Kids get their veggies through chocolate milk thanks to Rancho Santa Fe native ‘Sneakz’

Allison Fowler with her new product Sneakz.

By Karen Billing

Torrey Pines High School graduate Allison Fowler’s new company is working on taking vegetables from yuck to yum for kids. Her new product Sneakz has found a way to get children a full serving of veggies hidden in a carton of chocolate milk.

On a mission to prove vegetables are not the enemy, the organic skim chocolate milk packs a hidden punch of sweet potato, carrot and broccoli.

“The response from moms and kids has been fantastic. Moms love the nutrition and kids think it tastes just like regular chocolate milk, they can’t get enough of it,” said Fowler, a 1998 graduate of Torrey Pines.

Jimbo’s was one of the first retailers to get behind the product and first stocked it on its shelves in December of 2012. Sneakz is now in 148 stores in 12 states and its growth continues.

The product’s biggest footprint is in Denver, where Fowler’s co-founding partner Charles Philp is based.

“It’s really fun and exciting and I get to wear a fox costume sometimes,” said Fowler of her stints dressed as the Sneakz fox mascot. “You wouldn’t believe how many people want to take pictures with me.”

Fowler’s career has always centered on bringing something new and unique to the market, filling a vacant space on consumer’s shelves.

She began her career at Miller-Coors, where she was a part of the development of Miller 64, a concept to bring a lighter beer to consumers that would appeal to females.

After Miller, she worked for the Kashi Company for four years in product innovation and brand management.

“When you’re creating new products, it’s all about creating a unique point of view and solving consumer needs that are unmet,” Fowler said.

In addition to rolling out Sneakz, she also works a day job doing business management for her father Ronald Fowler, a Rancho Santa Fe resident who owns Liquid Investments Incorporated, a San Diego beer distributorship.

“This is my early morning, nights and weekend passion,” Fowler said.

The idea for Sneakz was born out of the troubling statistic that three-fourths of Americans don’t get their daily vegetable servings. Additionally, it’s an age-old battle getting children to eat their veggies.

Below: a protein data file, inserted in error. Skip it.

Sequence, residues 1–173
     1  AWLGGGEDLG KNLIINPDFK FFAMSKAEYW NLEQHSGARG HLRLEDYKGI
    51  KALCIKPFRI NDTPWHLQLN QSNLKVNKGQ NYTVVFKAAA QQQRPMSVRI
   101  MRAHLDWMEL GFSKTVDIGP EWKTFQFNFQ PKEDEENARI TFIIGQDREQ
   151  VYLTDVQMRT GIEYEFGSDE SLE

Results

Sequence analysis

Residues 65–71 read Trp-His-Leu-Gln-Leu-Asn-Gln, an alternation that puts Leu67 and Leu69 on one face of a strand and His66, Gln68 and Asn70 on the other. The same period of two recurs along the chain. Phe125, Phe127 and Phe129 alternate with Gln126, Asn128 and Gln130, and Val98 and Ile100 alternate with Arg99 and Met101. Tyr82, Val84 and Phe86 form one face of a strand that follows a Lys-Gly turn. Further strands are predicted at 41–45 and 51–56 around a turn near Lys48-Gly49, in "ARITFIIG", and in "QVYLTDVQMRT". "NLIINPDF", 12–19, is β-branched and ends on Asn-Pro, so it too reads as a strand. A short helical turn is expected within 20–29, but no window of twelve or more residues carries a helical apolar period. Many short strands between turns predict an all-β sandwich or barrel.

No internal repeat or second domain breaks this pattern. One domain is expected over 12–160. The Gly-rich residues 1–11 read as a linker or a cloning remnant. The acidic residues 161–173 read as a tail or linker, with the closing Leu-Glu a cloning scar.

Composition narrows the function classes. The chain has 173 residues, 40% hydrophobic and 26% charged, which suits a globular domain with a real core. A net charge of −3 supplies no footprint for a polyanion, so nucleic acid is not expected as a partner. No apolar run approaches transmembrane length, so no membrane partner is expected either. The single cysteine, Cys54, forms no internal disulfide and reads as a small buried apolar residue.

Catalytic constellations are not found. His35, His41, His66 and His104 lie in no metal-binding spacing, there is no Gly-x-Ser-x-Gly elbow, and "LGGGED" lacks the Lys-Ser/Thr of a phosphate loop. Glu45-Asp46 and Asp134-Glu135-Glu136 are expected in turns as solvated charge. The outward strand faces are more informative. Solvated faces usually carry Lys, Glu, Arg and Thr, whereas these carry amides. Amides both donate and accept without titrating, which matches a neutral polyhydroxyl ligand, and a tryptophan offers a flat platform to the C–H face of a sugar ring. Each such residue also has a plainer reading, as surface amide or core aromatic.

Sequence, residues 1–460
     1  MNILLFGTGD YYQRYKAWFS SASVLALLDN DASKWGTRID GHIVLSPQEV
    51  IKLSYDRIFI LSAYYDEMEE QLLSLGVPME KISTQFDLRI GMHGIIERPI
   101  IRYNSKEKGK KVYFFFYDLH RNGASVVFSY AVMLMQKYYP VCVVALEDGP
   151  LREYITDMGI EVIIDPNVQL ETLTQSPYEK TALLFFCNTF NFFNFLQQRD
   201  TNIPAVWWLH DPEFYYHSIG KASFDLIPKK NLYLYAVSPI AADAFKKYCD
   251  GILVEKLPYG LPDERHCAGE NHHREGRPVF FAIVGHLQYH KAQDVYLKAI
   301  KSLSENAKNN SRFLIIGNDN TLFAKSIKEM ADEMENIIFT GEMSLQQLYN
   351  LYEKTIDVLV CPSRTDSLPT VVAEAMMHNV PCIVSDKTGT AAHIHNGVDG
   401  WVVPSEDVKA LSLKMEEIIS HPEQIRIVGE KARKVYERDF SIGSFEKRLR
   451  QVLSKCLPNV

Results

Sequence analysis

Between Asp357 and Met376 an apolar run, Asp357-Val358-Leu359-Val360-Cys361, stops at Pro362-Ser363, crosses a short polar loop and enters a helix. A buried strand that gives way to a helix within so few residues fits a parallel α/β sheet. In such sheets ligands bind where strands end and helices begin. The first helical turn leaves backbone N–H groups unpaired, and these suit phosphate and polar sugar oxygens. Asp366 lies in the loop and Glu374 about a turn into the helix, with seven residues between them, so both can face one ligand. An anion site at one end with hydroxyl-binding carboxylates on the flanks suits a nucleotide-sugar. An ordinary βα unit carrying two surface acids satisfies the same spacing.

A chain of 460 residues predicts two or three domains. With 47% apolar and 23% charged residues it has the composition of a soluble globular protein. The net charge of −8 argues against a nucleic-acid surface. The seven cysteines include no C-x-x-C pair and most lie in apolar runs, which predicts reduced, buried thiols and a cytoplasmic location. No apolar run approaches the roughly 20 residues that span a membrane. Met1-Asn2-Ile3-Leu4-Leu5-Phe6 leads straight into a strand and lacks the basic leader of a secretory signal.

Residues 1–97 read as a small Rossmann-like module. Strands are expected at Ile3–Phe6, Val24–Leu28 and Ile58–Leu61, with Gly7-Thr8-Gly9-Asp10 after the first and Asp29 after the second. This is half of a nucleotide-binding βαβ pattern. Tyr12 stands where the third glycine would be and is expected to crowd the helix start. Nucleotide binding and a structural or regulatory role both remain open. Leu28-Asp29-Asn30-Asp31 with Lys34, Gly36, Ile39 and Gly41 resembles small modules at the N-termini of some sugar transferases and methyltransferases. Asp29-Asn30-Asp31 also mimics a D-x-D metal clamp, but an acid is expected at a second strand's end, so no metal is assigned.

“I thought if you could make vegetables fun and more approachable and help moms sneak them in, you’d be doing a family a good service,” Fowler said.

Fowler also noted that the flavored milk industry was big but there was no healthy alternative to chocolate milk. Normal chocolate milk has about 22 grams of sugar while Sneakz has 19 grams, and a majority of those sugars comes from the milk and the vegetables. They just add a touch of organic evaporated cane juice for taste.

One carton also includes 50 percent of a daily recommended serving of Vitamin A and, unlike normal chocolate milk, it contains fiber, nine grams worth.

Fowler and Philp experimented with potential mixes in Fowler’s kitchen with her juicer, discovering how cocoa can disguise a lot of the green notes of veggies.

There were a lot of different iterations—the first versions were very thick because a full serving of vegetables is a substantial amount to hide. Young taste testers were employed to try out their concoctions.

“If it tastes like spinach milk than kids are not going to drink it. And kids are very honest, they’ll tell you if they like it or they don’t,” Fowler said.

They played with different levels once they found the magic mixture of sweet potato, carrots and broccoli, and then worked with a food developer to take the formula to the next level.

Hoping to expand the Sneakz brand of products, Fowler is looking into a non-dairy option as she’s received a lot of feedback from mothers of children who are dairy-sensitive. They also aim to try new flavors such as a snickerdoodle flavor.

“Eventually the platform will be not just a beverage and we could take it to any aisle of the grocery store,” said Fowler, who has visions of sneaking vegetables into crackers, yogurts and more.

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